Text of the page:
Treatment for Elderly-Onset Rheumatoid Arthritis


Chris Iliades, MD

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If you are older than 60 years of age and develop symptoms of rheumatoid arthritis (RA), you may have what is called late-onset rheumatoid arthritis, or elderly-onset rheumatoid arthritis (EORA). Your doctor can diagnose EORA by your symptoms, a physical exam, special X-rays, and blood tests.

One of the problems with treating EORA is that older people may be more sensitive to the drugs used to treat RA. That’s because as you get older you may have other medical problems, and RA drugs may need to be added to the drugs you are already taking. That could mean more drug interactions and side effects. Older people may also clear drugs from their systems differently than younger people. All these factors may make it difficult for you and your doctor to treat EORA.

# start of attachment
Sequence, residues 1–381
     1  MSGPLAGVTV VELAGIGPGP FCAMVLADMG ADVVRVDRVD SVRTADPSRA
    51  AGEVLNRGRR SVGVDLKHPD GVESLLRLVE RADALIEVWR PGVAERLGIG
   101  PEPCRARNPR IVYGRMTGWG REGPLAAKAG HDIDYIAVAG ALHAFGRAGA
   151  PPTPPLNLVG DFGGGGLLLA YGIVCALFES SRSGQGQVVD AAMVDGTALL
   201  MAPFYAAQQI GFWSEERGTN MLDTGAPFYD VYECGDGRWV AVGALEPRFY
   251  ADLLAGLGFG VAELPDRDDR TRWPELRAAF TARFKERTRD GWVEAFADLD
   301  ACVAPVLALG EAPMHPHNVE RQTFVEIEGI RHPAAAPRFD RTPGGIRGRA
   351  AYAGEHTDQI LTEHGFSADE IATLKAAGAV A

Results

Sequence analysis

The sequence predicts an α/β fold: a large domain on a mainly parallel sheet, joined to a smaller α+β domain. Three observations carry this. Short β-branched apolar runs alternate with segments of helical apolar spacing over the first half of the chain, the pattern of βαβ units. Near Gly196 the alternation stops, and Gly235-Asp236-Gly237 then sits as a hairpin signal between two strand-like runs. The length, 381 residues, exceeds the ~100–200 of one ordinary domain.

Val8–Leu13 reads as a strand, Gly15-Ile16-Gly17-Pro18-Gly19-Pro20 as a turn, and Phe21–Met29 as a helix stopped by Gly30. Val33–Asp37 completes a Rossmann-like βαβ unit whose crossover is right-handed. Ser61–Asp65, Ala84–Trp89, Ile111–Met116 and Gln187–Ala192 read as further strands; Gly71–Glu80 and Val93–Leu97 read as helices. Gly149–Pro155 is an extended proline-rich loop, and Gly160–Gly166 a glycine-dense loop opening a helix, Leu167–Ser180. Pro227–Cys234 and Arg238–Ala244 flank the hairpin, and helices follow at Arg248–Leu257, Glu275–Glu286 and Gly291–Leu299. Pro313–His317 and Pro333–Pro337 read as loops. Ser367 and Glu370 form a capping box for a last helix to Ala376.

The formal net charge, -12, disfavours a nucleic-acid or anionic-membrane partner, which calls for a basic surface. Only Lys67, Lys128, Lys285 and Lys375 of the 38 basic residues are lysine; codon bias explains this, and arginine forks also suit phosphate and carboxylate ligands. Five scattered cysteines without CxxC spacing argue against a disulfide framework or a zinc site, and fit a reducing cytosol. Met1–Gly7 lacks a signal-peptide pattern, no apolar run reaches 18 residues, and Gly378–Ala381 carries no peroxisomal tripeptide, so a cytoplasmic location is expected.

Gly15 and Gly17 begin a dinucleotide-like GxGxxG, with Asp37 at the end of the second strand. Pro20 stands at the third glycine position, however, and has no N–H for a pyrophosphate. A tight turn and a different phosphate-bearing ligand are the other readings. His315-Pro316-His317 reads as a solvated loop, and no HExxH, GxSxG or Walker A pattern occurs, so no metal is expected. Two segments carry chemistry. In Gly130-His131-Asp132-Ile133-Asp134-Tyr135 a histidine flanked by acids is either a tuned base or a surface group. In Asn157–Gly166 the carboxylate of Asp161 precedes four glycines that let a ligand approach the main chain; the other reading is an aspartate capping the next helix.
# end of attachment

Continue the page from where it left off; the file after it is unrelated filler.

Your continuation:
Treatment Options for EORA

There is good news about your treatment. Most of the same drugs used to treat younger people with RA will work for you and the side effects can be managed. The goals of treatment are the same: Reduce swelling, reduce pain and stiffness, and stop the disease from getting worse. In many cases, these drugs can put your EORA into remission for long periods of time. This means that your body shows no signs of the disease and you have few or no symptoms.

Watch Identifying Treatment Options